Brigid Adachi, Executive Director of Northern Reef Fisheries Cooperative. (c) Brett Loveman

“Most of the fishermen were hesitant to be introduced to this agreement. But the more that time went on, they observed that fish stocks were healthier,” Brigid told us. “It’s more like a behavior change. But they are getting used to it and it’s working. My main concerns are poaching and illegal fishing, but working with the the rangers we have hope to control this problem.”

We – Kip Evans Director of Photography and Expeditions, Glenn Bucksbaum an ocean conservationist and philanthopist and Brett Loveman Director of Communications – decided to see for ourselves and hopped aboard a Ngerechelong Ranger boat and headed out to the reefs three miles offshore. Many of these rangers used to be fishermen themselves, so they understand the fishing community well and social and economic complexities of enforcing these new regulations. Boats are only allowed to take in 100 pounds of fish per day and there are size limits. And, at certain points of the year, there are off seasons for certain fish, which the rangers also work to enforce. We had a chance to catch up with Officer Raylan Roman of the Ngerechelong Rangers.

Officer Roman investigates a fishing boat. (c) Brett Loveman

“We do our daily patrol out here checking fishing permits and boat registries. And we make sure that no one enters the MPA network,” Raylan explained. “We check the amount of catch on the boats to prevent overharvesting. Fishermen can only have 100 pounds a day and we enforce that.”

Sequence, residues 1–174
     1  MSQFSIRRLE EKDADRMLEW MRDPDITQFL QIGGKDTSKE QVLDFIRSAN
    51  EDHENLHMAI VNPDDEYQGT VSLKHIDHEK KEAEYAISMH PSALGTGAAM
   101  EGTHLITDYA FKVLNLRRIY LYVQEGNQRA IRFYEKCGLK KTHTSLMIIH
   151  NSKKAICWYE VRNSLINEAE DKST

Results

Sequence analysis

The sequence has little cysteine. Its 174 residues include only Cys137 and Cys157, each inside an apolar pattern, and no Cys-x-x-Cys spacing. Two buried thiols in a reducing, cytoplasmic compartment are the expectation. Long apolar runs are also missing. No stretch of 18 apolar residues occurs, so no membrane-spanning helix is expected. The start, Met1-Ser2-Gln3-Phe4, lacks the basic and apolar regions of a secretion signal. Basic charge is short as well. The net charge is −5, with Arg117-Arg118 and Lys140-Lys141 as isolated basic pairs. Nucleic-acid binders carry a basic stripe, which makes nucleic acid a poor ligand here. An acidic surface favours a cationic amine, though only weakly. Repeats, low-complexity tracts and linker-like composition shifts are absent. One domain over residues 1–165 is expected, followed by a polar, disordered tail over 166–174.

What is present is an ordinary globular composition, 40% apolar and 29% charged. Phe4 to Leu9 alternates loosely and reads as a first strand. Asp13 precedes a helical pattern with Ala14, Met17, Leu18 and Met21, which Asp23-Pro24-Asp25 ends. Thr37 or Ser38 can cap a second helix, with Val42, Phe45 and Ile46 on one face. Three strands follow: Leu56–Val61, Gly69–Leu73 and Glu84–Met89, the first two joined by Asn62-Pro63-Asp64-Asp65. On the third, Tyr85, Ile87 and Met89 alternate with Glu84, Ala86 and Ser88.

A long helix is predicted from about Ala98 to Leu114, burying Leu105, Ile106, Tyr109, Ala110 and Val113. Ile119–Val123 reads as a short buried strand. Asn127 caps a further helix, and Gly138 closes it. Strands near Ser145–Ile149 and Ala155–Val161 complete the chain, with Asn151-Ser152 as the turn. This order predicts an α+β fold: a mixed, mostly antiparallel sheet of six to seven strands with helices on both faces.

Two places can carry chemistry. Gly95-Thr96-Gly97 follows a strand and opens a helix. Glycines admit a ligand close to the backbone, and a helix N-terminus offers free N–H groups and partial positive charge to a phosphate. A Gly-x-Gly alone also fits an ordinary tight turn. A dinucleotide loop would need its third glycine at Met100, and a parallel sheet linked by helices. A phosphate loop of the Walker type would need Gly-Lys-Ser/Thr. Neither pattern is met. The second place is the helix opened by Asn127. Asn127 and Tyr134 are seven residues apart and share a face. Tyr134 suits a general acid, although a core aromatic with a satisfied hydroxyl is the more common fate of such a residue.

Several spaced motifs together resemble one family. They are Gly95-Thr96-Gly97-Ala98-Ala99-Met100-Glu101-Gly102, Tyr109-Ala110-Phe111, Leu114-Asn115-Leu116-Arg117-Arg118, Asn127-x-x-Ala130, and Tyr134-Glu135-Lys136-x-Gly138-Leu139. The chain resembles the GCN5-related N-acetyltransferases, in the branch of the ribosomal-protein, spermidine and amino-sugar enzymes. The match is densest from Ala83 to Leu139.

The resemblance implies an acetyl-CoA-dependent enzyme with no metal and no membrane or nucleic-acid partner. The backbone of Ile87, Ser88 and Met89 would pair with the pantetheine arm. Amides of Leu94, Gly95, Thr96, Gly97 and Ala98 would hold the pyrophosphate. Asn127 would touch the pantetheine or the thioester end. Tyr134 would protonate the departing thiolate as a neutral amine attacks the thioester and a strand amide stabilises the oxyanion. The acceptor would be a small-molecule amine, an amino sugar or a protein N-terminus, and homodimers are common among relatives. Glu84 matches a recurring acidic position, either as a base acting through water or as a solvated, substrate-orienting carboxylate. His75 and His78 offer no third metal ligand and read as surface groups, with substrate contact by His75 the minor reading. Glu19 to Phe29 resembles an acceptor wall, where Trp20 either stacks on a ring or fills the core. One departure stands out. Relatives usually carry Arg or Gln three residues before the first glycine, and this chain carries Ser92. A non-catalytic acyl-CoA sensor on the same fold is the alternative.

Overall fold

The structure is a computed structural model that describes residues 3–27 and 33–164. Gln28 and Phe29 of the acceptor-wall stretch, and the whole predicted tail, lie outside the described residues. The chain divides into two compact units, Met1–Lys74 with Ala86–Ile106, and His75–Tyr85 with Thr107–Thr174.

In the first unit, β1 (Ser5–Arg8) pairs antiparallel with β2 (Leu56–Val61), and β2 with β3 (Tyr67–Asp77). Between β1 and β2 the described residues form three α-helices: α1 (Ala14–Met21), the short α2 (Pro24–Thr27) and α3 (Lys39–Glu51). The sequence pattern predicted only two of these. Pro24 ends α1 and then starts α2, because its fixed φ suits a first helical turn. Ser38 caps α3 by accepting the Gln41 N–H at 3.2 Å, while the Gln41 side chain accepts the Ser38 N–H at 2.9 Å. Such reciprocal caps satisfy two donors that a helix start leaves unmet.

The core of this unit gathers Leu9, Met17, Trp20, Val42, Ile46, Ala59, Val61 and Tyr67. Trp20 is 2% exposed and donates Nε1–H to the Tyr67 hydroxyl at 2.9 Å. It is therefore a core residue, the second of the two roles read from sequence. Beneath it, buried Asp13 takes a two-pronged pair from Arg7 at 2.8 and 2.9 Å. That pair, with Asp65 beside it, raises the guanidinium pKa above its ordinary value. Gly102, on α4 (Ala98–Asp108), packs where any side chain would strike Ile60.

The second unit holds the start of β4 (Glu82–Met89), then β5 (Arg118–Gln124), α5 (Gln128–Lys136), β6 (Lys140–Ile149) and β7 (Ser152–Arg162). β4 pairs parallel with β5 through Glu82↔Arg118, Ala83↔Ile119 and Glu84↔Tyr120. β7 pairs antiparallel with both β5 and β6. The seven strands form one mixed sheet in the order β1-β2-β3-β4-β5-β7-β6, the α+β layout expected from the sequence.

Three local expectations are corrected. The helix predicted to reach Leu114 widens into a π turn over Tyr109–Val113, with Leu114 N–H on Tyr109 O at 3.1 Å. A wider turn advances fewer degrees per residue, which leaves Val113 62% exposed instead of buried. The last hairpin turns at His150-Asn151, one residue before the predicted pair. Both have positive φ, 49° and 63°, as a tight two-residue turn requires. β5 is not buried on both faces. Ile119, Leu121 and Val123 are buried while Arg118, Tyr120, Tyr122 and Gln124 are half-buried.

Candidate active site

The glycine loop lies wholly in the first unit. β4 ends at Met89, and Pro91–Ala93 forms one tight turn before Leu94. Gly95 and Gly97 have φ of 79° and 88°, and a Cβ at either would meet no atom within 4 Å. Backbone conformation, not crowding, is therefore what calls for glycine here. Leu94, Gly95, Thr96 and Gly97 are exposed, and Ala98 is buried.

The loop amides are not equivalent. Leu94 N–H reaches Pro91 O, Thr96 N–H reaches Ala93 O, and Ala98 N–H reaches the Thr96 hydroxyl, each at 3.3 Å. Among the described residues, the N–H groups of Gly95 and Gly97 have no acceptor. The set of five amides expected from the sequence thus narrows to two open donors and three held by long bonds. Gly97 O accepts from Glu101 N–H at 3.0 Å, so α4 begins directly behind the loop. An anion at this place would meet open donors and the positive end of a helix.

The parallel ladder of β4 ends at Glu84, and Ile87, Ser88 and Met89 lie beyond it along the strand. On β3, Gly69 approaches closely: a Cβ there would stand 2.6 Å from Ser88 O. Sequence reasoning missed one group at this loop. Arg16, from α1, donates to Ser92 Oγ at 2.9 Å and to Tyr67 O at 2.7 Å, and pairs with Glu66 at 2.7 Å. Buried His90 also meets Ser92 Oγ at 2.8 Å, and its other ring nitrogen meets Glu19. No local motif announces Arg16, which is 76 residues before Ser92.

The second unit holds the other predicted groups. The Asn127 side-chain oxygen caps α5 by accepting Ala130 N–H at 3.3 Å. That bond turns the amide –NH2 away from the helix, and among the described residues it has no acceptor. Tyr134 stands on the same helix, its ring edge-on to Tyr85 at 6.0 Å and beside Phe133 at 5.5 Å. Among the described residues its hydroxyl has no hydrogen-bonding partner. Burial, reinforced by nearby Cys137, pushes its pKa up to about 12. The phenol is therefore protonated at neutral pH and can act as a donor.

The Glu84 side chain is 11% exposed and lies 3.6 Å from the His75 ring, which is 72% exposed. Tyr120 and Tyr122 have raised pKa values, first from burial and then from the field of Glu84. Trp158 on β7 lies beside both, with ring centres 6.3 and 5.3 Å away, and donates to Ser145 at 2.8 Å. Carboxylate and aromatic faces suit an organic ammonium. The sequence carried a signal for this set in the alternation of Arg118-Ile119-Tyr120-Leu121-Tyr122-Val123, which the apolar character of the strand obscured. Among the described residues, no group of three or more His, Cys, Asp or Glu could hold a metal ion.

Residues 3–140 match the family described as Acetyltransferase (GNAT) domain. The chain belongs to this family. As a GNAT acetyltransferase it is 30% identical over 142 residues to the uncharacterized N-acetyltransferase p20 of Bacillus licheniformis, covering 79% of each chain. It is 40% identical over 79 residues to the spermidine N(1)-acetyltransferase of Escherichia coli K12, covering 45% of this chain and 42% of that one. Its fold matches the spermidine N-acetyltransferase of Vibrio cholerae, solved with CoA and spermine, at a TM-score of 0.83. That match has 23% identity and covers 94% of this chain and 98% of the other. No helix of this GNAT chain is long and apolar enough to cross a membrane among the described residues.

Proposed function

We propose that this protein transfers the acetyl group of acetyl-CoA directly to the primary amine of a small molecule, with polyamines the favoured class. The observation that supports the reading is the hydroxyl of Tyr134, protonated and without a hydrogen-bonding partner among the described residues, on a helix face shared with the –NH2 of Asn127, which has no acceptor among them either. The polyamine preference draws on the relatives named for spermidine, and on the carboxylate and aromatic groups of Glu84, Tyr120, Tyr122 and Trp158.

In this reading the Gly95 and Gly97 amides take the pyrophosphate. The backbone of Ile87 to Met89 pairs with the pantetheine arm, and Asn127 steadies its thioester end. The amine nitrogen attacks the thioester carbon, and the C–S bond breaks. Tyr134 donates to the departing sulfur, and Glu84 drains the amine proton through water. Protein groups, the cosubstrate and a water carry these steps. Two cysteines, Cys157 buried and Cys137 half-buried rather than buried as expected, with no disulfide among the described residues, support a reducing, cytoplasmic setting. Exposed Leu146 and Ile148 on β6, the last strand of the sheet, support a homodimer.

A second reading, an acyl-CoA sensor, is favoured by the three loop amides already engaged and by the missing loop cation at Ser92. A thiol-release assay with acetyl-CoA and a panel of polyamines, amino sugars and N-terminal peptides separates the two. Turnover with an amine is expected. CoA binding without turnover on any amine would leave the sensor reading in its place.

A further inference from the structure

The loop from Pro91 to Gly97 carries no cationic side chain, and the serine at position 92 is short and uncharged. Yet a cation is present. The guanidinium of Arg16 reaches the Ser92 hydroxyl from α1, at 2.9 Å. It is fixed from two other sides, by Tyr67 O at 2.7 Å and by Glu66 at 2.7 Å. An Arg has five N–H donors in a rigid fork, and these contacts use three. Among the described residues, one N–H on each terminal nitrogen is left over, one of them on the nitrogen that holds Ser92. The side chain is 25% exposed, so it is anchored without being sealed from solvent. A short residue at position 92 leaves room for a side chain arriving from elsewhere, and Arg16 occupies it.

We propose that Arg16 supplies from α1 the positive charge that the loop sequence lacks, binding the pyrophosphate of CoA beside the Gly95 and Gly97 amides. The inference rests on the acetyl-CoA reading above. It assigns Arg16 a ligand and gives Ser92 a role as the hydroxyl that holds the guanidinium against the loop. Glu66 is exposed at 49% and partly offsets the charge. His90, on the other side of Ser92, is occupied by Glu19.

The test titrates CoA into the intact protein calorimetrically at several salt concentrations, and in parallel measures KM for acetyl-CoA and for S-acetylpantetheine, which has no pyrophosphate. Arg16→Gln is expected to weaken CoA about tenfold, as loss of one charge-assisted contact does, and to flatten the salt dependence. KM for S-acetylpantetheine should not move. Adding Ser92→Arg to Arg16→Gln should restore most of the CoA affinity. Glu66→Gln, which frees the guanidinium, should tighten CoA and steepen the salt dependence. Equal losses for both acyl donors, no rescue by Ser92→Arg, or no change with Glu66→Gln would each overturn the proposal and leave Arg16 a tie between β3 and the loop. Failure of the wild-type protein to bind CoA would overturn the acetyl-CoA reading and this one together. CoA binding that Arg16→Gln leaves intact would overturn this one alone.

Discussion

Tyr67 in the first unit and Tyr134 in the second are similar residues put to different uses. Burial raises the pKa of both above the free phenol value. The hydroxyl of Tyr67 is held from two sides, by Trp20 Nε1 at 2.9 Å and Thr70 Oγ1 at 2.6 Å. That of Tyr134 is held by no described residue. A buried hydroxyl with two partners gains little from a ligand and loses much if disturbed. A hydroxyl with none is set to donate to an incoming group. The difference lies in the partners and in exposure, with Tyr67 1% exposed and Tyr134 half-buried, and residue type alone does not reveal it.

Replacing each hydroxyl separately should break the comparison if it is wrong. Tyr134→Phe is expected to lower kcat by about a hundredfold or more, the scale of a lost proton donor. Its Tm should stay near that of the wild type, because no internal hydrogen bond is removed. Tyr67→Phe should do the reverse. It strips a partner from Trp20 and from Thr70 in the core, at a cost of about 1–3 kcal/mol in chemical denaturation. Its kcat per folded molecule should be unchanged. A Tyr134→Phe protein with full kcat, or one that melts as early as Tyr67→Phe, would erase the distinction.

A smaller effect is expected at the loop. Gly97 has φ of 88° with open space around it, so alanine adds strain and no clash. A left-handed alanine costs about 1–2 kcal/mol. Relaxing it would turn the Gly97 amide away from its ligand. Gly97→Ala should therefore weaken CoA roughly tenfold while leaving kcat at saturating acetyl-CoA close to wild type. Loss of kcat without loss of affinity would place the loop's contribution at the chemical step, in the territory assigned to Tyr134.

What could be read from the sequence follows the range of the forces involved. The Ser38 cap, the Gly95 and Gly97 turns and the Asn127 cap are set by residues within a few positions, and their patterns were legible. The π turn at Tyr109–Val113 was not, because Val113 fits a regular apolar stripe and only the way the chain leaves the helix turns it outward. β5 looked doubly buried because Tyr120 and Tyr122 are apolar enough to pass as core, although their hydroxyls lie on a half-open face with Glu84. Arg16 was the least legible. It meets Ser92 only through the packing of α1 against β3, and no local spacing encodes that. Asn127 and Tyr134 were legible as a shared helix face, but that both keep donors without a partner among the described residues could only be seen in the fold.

Harper, a member of the Northern Reef Fisheries Cooperative, watched on and nodded.

Harper looking out over the blue horizon. (c) Brett Loveman

“We’re very hopeful that this younger generation and the next generation will have something. We’re not going to just harvest all the fish now,” Harper said. “We’re going to leave something for them. It’s going to continue if we follow regulations like fish size restrictions. We catch the right size so they can aggregate, spawn and continue growing.”

Schooling Jacks. (c) Kip Evans Mission Blue

Palau is an example of not only top-down marine conservation ethos, as exhibited by the extensive MPA network, but also bottom-up community engagement in helping preserve a remarkable marine ecosystem for the future. The stroke of a pen on public policy parchment only means as much as the public’s earnest appetite to make change. We were heartened and filled with hope to see the passion and excitement for the benefits of marine protection alive among the people of Palau.

“President Tommy Remengesau Jr. has a very good vision about the environment and the future of Palau,” Harper continued. “He’s thinking about the young generation coming. He’s also a good fishermen himself and knows the situation in the ocean. There are many factors depleting the fish. Climate change. Coral bleaching and natural disasters like typhoons. They destroy corals and the fish will have no place to stay. So we need to be very careful and try to save them. So we come up with a way to harvest some and leave some for future generations.”

Jellyfish Lake Mangroves. (c) Kip Evans Mission Blue

Go for it Palau. The world is rooting for you!

Big blue thanks go to our financial sponsors ACTAI Global and Glenn Bucksbaum for making this expedition a reality, as well as to Scubapro for keeping us equipped with the best and safest dive gear available.